09 February 2023, US: Hear from FBN® Chef Economist, Kevin McNew’s s market predictions ahead of the 2023 growing season.
In this video, he discusses the future for corn, international conditions in Argentina and Brazil, fertilizer prices and the condition of the US dollar.
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As a grain farmer, I think there’s a lot of reasons to be optimistic. As we head into the 2023 growing season, one of the key things we look for that will differentiate ‘23 from ‘22 is that we look for corn to really kind of take leadership on the next leg up in prices.
Here’s why we think there’s so much optimism around the corn market. First of all, in the last year it’s been a struggle to see corn get exported to world buyers. Several factors have caused a headwind around that.
One is the strength in the US dollar, especially between January and October of 2022, we saw the US dollar climb sharply up 30% against some of the major currencies around the world, which is a huge downgrade in terms of being able to export corn.
Secondly, in the last fall harvest period, we had hiccups and huge disruptions as a result of the Mississippi River and the drought that impeded our ability to export to world markets.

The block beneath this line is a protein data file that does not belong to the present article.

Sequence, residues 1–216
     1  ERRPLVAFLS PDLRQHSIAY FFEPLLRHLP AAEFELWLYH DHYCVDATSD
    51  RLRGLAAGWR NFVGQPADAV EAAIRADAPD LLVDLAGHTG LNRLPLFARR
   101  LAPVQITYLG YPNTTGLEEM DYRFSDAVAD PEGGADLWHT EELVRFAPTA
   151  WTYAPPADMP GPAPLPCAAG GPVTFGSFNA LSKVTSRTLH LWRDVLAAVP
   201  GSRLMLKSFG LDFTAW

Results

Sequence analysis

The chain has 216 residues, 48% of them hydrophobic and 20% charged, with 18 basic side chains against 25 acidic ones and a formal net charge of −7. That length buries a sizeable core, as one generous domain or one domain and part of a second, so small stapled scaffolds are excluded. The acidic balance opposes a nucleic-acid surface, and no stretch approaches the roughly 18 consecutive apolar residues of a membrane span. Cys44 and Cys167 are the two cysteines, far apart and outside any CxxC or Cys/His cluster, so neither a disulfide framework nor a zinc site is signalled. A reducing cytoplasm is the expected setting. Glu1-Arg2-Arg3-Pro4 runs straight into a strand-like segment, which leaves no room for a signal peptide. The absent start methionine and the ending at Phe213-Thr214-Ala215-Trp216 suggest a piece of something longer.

All of those things are reversing course now. The US dollar is actually starting to weaken as concerns and risk around inflation and interest rates are drawing down. And secondly, we’ve seen, you know, export buyers start to step in, especially this week with both Colombia and Mexico showing some interest in US corn.
The other thing that we think is positive heading into ‘23 is the struggles that Argentina and to a lesser extent Brazil are having in their growing season. We think this plays out really sharply in terms of corn, where Argentina will have a very, very downgraded crop and the potential for Brazil to have a worse second season safrinha corn crop, I think adds more fuel to the fire for the corn market.
And then finally, in ‘23, the world is going to be struggling still with high nitrogen fertilizer prices. US farmers are probably in the best position to grow corn because of our abundance of natural gas, which is helping us have reasonably cost nitrogen fertilizers.
But the rest of the world is not so fortunate, and so I think we will see a big pullback in world corn acres where US farmers may be able to at least maintain and possibly move higher.
So overall, we look for solid prices in ‘23 with corn, probably having the best upside potential. Thanks for watching.
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